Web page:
Reply to  BadThinker
6 months ago

sorry bad, but those books were burned years ago to make room for the gender studies texts to replace them.

Member
Reply to  Rwc1963
6 months ago

Zimbabwe can print all the money it wants but still doesn’t get much in return for it. Of course this is because Zimbabwe has little of value to exchange for it’s dollars (the ZWD). Now imagine that Zimbabwe had 10,000 nuclear weapons, a dozen or so well stocked aircraft carriers, thousands of advanced tanks and troop carriers… The basic proposition then for any nation is – how do we stay off The Zim’s shit list? One good way to do this is to accept their basically worthless ZWD for things like oil, natural gas, iron and steel, you get the… Read more »

abprosper
abprosper
Reply to  Rwc1963
6 months ago

We also can’t make the chemicals we need for bullets or tritium for nuclear triggers and won’t be a nuclear power in a a very short period of time , a couple of decades or so.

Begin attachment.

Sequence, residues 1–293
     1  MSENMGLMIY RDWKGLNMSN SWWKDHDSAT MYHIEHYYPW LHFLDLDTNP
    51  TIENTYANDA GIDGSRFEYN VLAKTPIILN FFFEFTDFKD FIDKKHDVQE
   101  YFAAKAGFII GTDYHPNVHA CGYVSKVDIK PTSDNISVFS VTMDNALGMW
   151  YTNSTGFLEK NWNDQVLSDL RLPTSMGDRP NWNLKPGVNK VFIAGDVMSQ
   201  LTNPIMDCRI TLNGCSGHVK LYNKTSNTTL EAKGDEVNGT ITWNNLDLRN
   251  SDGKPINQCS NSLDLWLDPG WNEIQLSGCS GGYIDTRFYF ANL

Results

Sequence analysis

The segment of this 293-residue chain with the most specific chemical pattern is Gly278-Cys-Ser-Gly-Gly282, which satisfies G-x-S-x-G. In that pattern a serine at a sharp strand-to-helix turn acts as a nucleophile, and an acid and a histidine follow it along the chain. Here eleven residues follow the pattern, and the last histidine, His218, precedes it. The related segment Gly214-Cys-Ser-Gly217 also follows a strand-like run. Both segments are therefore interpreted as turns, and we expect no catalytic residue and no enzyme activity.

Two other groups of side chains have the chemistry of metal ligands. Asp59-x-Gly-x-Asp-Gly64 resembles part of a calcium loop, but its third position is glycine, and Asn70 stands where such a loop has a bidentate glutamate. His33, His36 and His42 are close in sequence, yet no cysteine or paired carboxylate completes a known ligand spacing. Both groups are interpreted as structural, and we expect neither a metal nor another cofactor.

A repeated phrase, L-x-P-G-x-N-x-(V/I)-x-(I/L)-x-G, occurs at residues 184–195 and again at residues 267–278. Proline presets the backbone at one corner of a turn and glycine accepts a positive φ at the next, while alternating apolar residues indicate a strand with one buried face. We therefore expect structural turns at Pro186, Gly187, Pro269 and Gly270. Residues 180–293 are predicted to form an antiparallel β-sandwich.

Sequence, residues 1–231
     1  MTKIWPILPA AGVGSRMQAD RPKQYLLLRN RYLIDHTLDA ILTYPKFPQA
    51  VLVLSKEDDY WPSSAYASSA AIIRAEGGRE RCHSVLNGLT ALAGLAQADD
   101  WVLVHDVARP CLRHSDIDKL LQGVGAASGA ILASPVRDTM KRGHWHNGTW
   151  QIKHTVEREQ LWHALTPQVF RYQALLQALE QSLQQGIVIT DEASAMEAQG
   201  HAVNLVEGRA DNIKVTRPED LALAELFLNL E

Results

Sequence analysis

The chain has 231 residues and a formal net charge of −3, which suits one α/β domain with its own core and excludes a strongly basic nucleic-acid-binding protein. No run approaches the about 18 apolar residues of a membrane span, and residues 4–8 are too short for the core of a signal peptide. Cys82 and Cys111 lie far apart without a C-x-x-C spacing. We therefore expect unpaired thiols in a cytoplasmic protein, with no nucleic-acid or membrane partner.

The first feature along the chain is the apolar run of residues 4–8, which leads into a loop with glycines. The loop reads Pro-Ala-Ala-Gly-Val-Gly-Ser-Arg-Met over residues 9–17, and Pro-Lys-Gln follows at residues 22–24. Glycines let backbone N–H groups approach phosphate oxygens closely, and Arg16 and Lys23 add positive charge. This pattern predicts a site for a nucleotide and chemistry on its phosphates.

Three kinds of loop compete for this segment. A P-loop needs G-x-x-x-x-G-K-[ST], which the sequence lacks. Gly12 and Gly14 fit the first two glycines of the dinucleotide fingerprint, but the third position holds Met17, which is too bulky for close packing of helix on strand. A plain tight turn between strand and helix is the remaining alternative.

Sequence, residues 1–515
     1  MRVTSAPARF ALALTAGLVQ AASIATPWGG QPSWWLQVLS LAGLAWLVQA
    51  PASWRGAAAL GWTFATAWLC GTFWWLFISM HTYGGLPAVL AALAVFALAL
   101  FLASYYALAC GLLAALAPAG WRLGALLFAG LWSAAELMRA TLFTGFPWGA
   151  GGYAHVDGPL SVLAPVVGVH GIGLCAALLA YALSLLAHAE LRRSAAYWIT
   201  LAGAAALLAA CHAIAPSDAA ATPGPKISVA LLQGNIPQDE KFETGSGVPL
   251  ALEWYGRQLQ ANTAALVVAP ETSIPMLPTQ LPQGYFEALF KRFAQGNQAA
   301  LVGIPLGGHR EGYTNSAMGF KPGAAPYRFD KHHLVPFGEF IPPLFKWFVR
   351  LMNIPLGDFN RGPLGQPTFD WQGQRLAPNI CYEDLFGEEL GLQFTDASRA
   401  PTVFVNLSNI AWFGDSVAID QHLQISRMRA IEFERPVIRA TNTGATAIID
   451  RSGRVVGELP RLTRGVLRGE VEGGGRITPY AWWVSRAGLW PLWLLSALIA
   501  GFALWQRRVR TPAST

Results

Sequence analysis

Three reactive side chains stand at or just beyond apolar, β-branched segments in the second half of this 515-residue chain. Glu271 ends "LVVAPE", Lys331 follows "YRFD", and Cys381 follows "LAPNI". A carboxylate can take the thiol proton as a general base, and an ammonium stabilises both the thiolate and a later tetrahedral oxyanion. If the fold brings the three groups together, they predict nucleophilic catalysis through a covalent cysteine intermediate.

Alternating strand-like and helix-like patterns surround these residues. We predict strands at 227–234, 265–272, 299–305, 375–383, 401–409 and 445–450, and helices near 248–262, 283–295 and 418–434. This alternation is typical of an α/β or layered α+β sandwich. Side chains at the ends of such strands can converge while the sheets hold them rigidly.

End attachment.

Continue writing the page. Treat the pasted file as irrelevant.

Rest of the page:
And as for the F35, its not even a good plane.

Stranger in a strange land
Stranger in a strange land
Reply to  Epaminondas
6 months ago

An equally powerful symbol is the abilty to ‘un’conjure trillions.

SamlAdams
SamlAdams
6 months ago

It works until it doesn’t. Then the only three things that matter are guns, food and perhaps gold. Flocking behavior in finance is deadly.

Otto vonB
Otto vonB
Reply to  SamlAdams
6 months ago

All those certainly matter, but without comms, social networking among Occidentals and serious planning the other stuff won’t matter . If you are isolated, you will be picked off one at a time. Pushback against any power in history has only been successful with numbers working together. I fell for the John Wayne, Clint Eastwood persona of the tough guy individualist for much of my life, but I’ve realized it is what (((they))) have indoctrinated is with through media to keep us isolated from each other and therefore not a threat .

Citizen of a Silly Country
Citizen of a Silly Country
Reply to  Otto vonB